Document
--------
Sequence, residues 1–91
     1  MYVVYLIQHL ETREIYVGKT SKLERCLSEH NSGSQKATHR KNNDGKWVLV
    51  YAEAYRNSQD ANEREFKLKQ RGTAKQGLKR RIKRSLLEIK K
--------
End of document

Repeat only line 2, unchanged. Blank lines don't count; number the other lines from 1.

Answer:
     1  MYVVYLIQHL ETREIYVGKT SKLERCLSEH NSGSQKATHR KNNDGKWVLV